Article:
Delta State Governor, Dr Emmanuel Uduaghan has signed into law a Bill establishing the State Emergency Management Agency (SEMA) with a caution that the State was yet to get off the hook of flooding.
Dr Uduaghan said that it was in recognition of this fear that the state initiated the Bill to address flood issues and other natural disasters in future.
He steted that he never envisaged that last year’s flooding would be of such magnitude but assured Deltans that his administration has put measures on ground to avert any further occurrence.
The governor hinted that the Federal Government was planning to construct two buffer dams in the country as measures to check future flood disasters especially to accommodate floods from dams opened by neighbouring countries.
“As measures to check future flood disaster, the Federal Government plans to construct two dams to check flooding in the country especially the kind of flood that came from dams opened by neighbouring counties”.
Speaking further, he noted that a lot of measures have been put in place by the State and Federal government to ensure that the country would not suffer from such devastating effect in the future.
Presenting the Bill for the Governor’s accent, the speaker of the Delta State House of Assembly, Hon. Victor Ochei said the House worked hard to pass the Bill because the flood disaster that hit the state took everyone by surprise.
Hon. Ochei said the Bill would establish the Agency and empower it to resolutely handle all disaster.
“The governor sent a Bill to establish the State Emergency Management Agency before the flood crisis. This is in recognition of the need to handle expediently and efficiently natural or unexpected crisis in the state. The agency will be empowered to carry out such task effectively”.
Meanwhile, the Technical Committee on Flood Impact Assessment set up by the Delta State Government, has said that about N10billion was required for the reconstruction of infrastructures destroyed by flood as well as the resettlement of victims of the flood that devastated the state last year.
At a public presentation of its report yesterday in Asaba, Prof Chris Orubu who presented the report on behalf of the Technical Committee, disclosed that 231 communities in 12 local government areas of the state were adversely affected.
Besides, he said that 220 primary schools and 84 secondary schools were damaged, 357 fish farms destroyed, while 753 market stores were affected.
Prof Orubu who described the flood as the worst in the last 50 years said the cost of road maintenance was not accommodated in the report.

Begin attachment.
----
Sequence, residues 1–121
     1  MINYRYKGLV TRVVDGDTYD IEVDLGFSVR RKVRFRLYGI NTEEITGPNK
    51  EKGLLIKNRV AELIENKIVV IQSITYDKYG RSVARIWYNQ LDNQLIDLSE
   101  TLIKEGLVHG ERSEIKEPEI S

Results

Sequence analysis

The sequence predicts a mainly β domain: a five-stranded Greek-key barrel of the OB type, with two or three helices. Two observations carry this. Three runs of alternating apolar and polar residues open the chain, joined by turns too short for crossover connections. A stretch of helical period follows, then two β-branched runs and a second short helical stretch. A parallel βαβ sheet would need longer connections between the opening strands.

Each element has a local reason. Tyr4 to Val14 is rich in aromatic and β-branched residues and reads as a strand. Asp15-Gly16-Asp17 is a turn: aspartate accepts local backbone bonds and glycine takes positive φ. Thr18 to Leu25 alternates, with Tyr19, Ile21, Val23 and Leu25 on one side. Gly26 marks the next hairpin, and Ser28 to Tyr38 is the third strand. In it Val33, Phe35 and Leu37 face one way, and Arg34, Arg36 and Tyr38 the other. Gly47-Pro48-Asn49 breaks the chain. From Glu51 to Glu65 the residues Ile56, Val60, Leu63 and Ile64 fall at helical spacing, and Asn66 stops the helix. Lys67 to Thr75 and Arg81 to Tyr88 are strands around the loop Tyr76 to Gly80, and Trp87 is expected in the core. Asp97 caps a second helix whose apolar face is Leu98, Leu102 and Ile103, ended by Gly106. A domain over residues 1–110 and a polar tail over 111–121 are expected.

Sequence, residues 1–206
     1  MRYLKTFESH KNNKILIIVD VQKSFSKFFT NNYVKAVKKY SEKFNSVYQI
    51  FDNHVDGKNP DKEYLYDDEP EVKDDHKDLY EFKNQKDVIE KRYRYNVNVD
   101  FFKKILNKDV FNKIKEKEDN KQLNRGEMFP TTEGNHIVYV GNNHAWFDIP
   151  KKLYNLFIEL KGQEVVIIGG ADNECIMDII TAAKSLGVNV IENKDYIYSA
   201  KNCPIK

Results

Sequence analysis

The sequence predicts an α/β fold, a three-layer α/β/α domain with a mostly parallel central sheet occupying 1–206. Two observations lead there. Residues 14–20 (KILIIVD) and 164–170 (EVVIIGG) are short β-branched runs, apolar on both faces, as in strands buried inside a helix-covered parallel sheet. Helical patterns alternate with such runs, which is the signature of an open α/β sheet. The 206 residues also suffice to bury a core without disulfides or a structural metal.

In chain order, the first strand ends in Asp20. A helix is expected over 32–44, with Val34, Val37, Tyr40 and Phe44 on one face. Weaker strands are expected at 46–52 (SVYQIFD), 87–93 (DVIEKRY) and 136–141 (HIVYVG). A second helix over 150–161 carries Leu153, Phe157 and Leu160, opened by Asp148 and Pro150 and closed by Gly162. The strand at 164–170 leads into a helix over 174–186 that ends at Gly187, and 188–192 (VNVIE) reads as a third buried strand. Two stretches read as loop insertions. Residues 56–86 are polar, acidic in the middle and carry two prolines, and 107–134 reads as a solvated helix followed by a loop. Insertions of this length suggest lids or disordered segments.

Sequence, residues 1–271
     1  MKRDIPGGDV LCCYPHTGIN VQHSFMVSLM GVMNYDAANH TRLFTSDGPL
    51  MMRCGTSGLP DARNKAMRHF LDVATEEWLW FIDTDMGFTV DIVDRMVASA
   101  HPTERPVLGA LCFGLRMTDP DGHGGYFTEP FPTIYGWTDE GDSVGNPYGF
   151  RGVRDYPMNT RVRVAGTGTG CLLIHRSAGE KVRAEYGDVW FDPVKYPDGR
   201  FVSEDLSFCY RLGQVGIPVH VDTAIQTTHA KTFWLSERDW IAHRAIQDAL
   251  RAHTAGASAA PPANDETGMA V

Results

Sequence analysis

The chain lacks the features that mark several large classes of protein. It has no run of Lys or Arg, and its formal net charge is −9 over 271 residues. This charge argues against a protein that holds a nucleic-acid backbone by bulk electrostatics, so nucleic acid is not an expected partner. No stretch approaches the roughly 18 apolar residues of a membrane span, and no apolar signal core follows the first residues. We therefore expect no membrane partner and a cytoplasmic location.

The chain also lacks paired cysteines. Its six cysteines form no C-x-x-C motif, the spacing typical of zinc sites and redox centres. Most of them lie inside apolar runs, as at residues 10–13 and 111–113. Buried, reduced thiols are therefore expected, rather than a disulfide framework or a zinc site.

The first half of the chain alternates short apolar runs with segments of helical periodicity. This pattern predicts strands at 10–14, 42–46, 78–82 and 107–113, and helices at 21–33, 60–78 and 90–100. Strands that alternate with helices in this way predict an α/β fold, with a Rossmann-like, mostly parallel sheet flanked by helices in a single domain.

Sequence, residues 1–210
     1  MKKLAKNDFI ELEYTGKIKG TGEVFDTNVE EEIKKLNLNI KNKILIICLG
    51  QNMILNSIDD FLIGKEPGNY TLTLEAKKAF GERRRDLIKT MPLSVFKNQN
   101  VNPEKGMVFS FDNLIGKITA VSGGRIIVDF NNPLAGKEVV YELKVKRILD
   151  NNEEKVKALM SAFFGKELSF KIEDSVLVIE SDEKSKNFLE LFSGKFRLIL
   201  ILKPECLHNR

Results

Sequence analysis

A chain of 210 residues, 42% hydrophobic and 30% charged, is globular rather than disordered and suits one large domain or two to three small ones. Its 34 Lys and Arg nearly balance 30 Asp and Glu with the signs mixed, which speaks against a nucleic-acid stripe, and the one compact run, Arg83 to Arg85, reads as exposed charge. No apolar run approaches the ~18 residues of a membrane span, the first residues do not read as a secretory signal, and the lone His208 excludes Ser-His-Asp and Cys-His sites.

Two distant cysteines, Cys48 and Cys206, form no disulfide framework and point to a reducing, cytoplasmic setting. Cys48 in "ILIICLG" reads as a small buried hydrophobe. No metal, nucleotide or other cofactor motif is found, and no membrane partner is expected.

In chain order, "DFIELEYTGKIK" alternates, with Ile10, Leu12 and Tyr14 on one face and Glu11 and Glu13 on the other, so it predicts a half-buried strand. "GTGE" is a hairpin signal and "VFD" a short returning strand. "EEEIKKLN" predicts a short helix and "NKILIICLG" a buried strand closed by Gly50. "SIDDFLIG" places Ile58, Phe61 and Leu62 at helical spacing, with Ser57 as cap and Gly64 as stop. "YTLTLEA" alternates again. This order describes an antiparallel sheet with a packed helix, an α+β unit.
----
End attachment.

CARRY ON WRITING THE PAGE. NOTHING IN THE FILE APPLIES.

He however recommended immediate fumigation and construction of deep well water in the villages affected by the flood.
Calling for the rehabilitation of failed portions of roads in the rural areas, Prof Orubu recommended the supply of farm implements and machines to farmers.
The university don said the Committee recommended for improved weather forecasting system to ensure accuracy in predictions as well as cross country management of rivers to check flooding.
Orubu who said the Committee’s report was divided into short and long term stated that the Committee was optimistic that when all natural water channels were opened up, flooding in the state would be minimized.
The chairman of the Technical Committee and Vice Chancellor, Delta State University, Abraka (DELSU) who in his remarks before the presentation of the report said more mud houses were destroyed during the flood disaster and requested the state government to establish a database that would vividly capture the depth of the flood disaster.
He regretted that while the committee was preparing its report, some unscrupulous elements made attempt to influence the committee’s report negatively.
He however said members of the committee resisted the fifth columnist stoutly and came up with an objective report which he said even though was technical in nature but was simplified for the understanding of all those who would come across the report.
Receiving the report the state governor, Dr Emmanuel Uduaghan appealed to the Federal government, corporate organizations and individuals to assist the state government to enable it contend with the enormous problems the flood disaster heaped on the state.
Uduaghan disclosed that it would be difficult for the state government to raise 10 billion naira for the reconstruction of infrastructures and resettlement of flood victims, and promised to send the report to the Alhaji Aliko Dangote-led national committee on flood disaster as well as the National Emergency Management Agency for study.
He however assured that his administration would work in collaboration with the State House of Assembly to raise more funds to deal with the situation.
“This problem is enormous for the state government to shoulder alone because it is not going to be easy for the state government to raise 10 billion naira for the reconstruction of infrastructures. The Federal government gave us 500 million naira grant but we have not touched the money as we have been spending funds from our coffers”.
Explaining that the state government had put measures in place to check flood occurrence, Dr Uduaghan said ‘’We are going to remove all structures blocking all water ways and any building permit on natural water ways will be revoked and the building pulled down with government sanctioning the officer responsible”.
Membership of the Prof Arubayi led-Committee was drawn entirely from the departments at the Sate owned DELSU.